Define Logical Relationships in a Data Source View (Analysis Services)
The Data Source View Wizard and Data Source View Designer automatically define relationships between tables added to a data source view (DSV) based on underlying database relationships or name matching criteria you specify.
In cases where you are working with data from multiple data sources, you may need to manually define logical relationships in the DSV to supplement those relationships that are defined automatically. Relationships are required in Analysis Services to identify fact and dimension tables, to construct queries for retrieving data and metadata from underlying data sources, and to take advantage of advanced business intelligence features.
You can define the following types of relationships in Data Source View Designer:
A relationship from one table to another table in the same data source.
A relationship from one table to itself, as in a parent-child relationship.
A relationship from one table in a data source to another table in a different data source.
The relationships defined in a DSV are logical and may not reflect the actual relationships defined in the underlying data source. You can create relationships in Data Source View Designer that do not exist in the underlying data source, and remove relationships created by Data Source View Designer from existing foreign key relationships in the underlying data source.
Relationships are directed. For every value in the source column, there is a corresponding value in the destination column. In a data source view diagram, such as the diagrams displayed in the Diagram pane, an arrow on the line between two tables indicates the direction of the relationship.
This topic includes the following sections:
In SQL Server Data Tools (SSDT), open the project or connect to the database that contains the data source view in which you wish to add a logical relationship.
In Solution Explorer, expand the Data Source Views folder, then double-click the data source view to open it in Data Source View Designer.
Right-click the table, named query or view to which you want to add a relationship in either the Tables pane and then click New Relationship.
To locate a table, view or named query, you can use the Find Table option by either clicking the Data Source View menu or right-clicking in an open area of the Tables or Diagram panes.
In the Specify Relationship dialog box, do the following:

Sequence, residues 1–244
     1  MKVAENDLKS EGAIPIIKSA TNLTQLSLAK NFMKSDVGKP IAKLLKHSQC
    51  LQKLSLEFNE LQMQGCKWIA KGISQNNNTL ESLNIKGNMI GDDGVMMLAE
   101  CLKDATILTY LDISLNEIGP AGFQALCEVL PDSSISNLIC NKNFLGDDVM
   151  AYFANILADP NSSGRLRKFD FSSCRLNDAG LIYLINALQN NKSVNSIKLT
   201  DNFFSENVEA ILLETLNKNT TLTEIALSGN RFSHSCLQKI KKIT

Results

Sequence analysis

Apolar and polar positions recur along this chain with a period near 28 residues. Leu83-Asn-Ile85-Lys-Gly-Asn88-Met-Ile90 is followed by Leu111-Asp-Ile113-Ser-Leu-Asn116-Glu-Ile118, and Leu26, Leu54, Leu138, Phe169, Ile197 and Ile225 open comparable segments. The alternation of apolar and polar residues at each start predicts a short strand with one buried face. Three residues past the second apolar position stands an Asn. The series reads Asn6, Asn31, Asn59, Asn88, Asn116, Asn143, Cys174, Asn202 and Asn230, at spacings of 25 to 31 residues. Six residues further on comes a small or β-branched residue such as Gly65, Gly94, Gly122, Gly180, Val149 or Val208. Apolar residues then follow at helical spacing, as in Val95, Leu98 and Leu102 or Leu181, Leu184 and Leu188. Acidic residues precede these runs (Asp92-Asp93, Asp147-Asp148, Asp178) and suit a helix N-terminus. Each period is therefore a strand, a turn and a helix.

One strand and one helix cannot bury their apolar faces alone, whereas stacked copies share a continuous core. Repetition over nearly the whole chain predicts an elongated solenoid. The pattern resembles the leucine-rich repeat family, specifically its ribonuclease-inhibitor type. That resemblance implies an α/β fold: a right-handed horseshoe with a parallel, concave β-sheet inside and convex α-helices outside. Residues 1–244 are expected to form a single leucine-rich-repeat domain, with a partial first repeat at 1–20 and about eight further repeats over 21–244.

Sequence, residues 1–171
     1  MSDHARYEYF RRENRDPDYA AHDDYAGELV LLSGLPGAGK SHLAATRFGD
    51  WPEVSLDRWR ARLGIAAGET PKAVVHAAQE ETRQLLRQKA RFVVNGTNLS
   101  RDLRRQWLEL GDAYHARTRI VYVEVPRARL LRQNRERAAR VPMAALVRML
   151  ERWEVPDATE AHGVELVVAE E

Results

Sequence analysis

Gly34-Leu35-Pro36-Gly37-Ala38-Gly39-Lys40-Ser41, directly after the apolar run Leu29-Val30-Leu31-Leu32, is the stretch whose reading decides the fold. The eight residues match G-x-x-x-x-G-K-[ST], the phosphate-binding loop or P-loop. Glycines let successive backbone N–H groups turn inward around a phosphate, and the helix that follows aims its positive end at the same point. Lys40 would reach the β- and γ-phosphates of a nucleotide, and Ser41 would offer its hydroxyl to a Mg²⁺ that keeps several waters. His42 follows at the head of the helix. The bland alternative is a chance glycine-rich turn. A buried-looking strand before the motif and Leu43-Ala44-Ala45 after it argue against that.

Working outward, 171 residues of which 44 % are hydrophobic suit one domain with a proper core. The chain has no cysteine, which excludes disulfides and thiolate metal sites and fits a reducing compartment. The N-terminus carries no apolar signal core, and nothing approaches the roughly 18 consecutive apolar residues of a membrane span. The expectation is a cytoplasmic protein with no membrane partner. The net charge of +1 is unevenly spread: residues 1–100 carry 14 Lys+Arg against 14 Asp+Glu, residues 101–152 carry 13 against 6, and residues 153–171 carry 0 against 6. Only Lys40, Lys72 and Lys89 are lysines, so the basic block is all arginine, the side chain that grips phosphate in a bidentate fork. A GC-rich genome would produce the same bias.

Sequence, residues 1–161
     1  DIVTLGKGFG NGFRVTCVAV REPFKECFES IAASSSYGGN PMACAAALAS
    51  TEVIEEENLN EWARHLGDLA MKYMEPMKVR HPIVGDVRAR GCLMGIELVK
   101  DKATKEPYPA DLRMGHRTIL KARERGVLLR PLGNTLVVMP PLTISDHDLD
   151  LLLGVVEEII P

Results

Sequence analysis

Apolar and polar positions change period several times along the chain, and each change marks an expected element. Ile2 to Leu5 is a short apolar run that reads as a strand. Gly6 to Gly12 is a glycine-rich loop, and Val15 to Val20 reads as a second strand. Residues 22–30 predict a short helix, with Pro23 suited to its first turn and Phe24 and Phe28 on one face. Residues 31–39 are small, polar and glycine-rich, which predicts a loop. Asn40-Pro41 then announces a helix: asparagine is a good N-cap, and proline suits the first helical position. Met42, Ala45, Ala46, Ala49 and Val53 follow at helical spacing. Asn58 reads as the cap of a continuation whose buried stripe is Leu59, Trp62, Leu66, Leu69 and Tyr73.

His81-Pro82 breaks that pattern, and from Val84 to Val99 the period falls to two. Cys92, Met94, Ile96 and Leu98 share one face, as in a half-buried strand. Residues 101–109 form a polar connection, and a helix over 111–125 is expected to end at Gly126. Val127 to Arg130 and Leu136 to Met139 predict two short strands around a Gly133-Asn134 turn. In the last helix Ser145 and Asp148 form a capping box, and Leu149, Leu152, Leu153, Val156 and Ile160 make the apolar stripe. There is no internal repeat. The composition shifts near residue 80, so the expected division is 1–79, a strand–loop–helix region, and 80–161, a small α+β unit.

Select the appropriate table, named query, or view in the Source (foreign key) table list.
Select the appropriate table, named query, or view in the Destination (primary key) table lists.
Select columns from the Source Columns and Destination Columns lists to create a relationship between the two tables.
If SQL Server Data Tools (SSDT) detects, by sampling the data in the underlying table, view, or named query, that you have defined the relationship in the wrong direction (from the primary key to the foreign key rather than from the foreign key to the primary key), you will be prompted to reverse the order. To quickly reverse the order, click Reverse.
If SQL Server Data Tools (SSDT) detects that a relationship already exists for the columns you have selected, you will be prompted. You cannot define duplicate relationships.
Optionally, in the Description box, type a description for the relationship.
In the Diagram pane in Data Source View Designer, right-click the relationship that you want to view and click Edit Relationship (or simply double-click the relationship arrow). Use the Edit Relationship dialog box to modify the relationship.
In the Tables pane in Data Source View Designer, locate and then expand the table, view or named query containing the relationship that you wish to view or modify.
Expand the Relationships folder. The relationships between the selected table, view or named query and other tables, views and named queries appear with the relationship column listed.
Right-click the relationship you want to modify, and then click Edit Relationship.